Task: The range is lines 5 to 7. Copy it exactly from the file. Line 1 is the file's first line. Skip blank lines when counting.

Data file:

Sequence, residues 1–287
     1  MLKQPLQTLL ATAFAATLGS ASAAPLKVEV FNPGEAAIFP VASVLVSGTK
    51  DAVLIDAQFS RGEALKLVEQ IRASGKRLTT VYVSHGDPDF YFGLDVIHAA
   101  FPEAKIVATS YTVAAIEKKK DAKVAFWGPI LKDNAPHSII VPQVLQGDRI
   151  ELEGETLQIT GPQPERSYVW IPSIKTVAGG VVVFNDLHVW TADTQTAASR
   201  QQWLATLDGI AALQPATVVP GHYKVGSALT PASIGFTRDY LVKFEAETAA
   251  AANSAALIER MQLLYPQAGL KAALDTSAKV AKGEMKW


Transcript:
   151  ELEGETLQIT GPQPERSYVW IPSIKTVAGG VVVFNDLHVW TADTQTAASR
   201  QQWLATLDGI AALQPATVVP GHYKVGSALT PASIGFTRDY LVKFEAETAA
   251  AANSAALIER MQLLYPQAGL KAALDTSAKV AKGEMKW